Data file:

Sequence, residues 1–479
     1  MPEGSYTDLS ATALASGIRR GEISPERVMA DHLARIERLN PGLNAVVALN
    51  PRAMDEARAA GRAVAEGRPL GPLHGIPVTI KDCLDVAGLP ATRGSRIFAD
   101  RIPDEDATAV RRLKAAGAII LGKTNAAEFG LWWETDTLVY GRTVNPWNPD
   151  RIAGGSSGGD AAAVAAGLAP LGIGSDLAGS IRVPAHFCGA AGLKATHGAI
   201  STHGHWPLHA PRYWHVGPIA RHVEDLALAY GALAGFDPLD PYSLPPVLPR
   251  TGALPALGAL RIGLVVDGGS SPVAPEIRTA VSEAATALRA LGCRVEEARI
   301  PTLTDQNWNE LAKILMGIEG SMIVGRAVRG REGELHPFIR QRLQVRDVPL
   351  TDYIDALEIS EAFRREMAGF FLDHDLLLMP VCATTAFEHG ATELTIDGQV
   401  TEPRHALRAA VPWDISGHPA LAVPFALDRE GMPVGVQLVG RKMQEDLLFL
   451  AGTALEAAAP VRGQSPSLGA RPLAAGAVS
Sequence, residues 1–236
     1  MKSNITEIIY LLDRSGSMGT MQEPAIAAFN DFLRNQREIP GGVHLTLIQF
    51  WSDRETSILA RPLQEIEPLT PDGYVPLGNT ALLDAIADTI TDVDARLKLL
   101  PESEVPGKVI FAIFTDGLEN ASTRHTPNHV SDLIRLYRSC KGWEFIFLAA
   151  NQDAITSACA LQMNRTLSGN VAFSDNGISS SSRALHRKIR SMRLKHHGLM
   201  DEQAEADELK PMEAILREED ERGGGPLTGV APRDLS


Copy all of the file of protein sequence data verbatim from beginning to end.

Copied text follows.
Sequence, residues 1–479
     1  MPEGSYTDLS ATALASGIRR GEISPERVMA DHLARIERLN PGLNAVVALN
    51  PRAMDEARAA GRAVAEGRPL GPLHGIPVTI KDCLDVAGLP ATRGSRIFAD
   101  RIPDEDATAV RRLKAAGAII LGKTNAAEFG LWWETDTLVY GRTVNPWNPD
   151  RIAGGSSGGD AAAVAAGLAP LGIGSDLAGS IRVPAHFCGA AGLKATHGAI
   201  STHGHWPLHA PRYWHVGPIA RHVEDLALAY GALAGFDPLD PYSLPPVLPR
   251  TGALPALGAL RIGLVVDGGS SPVAPEIRTA VSEAATALRA LGCRVEEARI
   301  PTLTDQNWNE LAKILMGIEG SMIVGRAVRG REGELHPFIR QRLQVRDVPL
   351  TDYIDALEIS EAFRREMAGF FLDHDLLLMP VCATTAFEHG ATELTIDGQV
   401  TEPRHALRAA VPWDISGHPA LAVPFALDRE GMPVGVQLVG RKMQEDLLFL
   451  AGTALEAAAP VRGQSPSLGA RPLAAGAVS
Sequence, residues 1–236
     1  MKSNITEIIY LLDRSGSMGT MQEPAIAAFN DFLRNQREIP GGVHLTLIQF
    51  WSDRETSILA RPLQEIEPLT PDGYVPLGNT ALLDAIADTI TDVDARLKLL
   101  PESEVPGKVI FAIFTDGLEN ASTRHTPNHV SDLIRLYRSC KGWEFIFLAA
   151  NQDAITSACA LQMNRTLSGN VAFSDNGISS SSRALHRKIR SMRLKHHGLM
   201  DEQAEADELK PMEAILREED ERGGGPLTGV APRDLS